Stages of Gecko Tail Regrowth

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Some species of geckos can regrow their tail when it falls or breaks off through a process called autotomy. The tail breaks off at a specific point at the base of the tail when the gecko is threatened or the tail is pulled on. The tail will twitch on its own while separate from the body in order to distract predators while the gecko gets away. Not all geckos who lose their tails can regrow them, but the species that do regrow their tails experience different stages of tail regrowth.

Drop

  • When a gecko loses its tail, the tail either falls off, is pulled off or is thrown off depending on the situation. The gecko may also eat its own tail. After the tail is dropped, the gecko will be left with a small, open wound where its tail was. The gecko should be moved to a clean cage with paper towel lining the bottom so there is no chance of dirt or debris clinging to the wound.

Healing

  • After the gecko's tail falls off, the leftover stump begins to heal. This healing takes only a few hours. During the next few weeks, the gecko should be provided with plenty of food and supplements to give it enough nutrients to grow a new tail.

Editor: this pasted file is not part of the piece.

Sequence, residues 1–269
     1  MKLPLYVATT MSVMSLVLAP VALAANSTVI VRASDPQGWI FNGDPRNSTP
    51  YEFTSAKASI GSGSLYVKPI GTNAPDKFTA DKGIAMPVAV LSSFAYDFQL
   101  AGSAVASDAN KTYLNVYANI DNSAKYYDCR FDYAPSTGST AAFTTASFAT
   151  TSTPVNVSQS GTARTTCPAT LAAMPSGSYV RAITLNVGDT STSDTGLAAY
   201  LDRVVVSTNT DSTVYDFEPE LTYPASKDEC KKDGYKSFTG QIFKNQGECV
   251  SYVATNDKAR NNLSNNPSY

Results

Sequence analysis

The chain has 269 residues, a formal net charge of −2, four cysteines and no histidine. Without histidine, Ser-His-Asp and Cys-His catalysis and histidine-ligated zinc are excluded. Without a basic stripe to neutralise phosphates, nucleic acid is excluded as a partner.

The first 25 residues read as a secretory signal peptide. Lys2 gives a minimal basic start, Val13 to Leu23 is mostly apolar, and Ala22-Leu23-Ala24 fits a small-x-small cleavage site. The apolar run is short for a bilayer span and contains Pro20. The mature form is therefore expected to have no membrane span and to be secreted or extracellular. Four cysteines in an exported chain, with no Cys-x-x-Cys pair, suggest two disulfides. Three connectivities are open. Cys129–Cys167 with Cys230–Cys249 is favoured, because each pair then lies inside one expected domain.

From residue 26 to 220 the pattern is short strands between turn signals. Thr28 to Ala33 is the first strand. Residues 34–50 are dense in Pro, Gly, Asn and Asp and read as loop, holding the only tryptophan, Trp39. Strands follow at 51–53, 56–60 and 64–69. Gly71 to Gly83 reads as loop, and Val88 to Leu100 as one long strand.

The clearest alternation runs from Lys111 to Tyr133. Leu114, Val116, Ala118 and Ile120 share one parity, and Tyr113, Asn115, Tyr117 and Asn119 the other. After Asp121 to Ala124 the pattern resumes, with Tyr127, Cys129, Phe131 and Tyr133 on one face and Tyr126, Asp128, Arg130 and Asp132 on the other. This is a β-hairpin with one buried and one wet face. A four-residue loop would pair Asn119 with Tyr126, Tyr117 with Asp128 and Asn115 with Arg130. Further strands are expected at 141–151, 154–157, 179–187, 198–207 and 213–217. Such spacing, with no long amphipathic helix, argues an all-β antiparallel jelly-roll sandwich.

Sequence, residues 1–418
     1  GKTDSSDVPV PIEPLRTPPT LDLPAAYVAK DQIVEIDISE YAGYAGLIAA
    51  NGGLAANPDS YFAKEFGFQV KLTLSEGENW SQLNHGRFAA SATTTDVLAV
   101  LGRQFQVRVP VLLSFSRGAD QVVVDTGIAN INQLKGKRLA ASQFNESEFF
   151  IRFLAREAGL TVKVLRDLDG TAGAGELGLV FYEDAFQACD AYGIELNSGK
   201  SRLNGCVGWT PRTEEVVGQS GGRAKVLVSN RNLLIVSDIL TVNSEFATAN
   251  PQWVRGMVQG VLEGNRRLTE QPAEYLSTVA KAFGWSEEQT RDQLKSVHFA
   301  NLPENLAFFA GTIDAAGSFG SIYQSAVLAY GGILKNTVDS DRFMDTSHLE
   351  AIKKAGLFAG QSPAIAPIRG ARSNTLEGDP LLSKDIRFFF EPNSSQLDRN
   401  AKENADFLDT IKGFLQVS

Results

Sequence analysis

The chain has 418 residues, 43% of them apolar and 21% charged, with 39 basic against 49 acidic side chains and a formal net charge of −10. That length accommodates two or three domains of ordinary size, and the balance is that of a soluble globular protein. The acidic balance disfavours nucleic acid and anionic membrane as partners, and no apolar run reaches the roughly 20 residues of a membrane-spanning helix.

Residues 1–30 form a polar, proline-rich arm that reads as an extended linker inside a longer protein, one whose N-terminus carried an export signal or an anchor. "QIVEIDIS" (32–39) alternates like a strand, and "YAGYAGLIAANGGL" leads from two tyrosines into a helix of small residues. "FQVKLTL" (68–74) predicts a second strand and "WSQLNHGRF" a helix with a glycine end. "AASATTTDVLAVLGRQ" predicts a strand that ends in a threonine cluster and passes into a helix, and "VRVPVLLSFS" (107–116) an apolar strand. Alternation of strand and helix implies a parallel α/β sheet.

Growth

  • The gecko's new tail will begin to grow within a few weeks and may take a few months to a year to grow back completely. However, the new tail will not be as long or thick as the gecko's original tail, which is why it's possible to determine whether a gecko has its original tail or not.

Non-Regenerative Breaks

  • Gecko species that can regrow or regenerate their tail, such as the gargoyle gecko, can only regrow it if the tail breaks off at a set point at the base of the tail. Even when intact, this point looks like a line. The gecko cannot regrow a tail if the tail does not break off at this point. For example, if a predator bites off the tip of a gecko's tail, it will not regrow the tip but the tip will heal over. If a predator bites the gecko's tail and the gecko drops the entire tail, it will grow back eventually.

References

  • Photo Credit Jupiterimages/Photos.com/Getty Images
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